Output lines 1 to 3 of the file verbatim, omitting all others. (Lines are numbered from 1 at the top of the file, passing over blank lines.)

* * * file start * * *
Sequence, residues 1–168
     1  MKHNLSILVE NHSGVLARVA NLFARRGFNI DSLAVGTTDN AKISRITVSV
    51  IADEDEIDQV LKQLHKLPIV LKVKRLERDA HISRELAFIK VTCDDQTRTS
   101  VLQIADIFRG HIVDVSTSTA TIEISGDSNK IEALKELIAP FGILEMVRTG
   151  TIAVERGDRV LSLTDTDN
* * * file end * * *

Sequence, residues 1–168
     1  MKHNLSILVE NHSGVLARVA NLFARRGFNI DSLAVGTTDN AKISRITVSV
    51  IADEDEIDQV LKQLHKLPIV LKVKRLERDA HISRELAFIK VTCDDQTRTS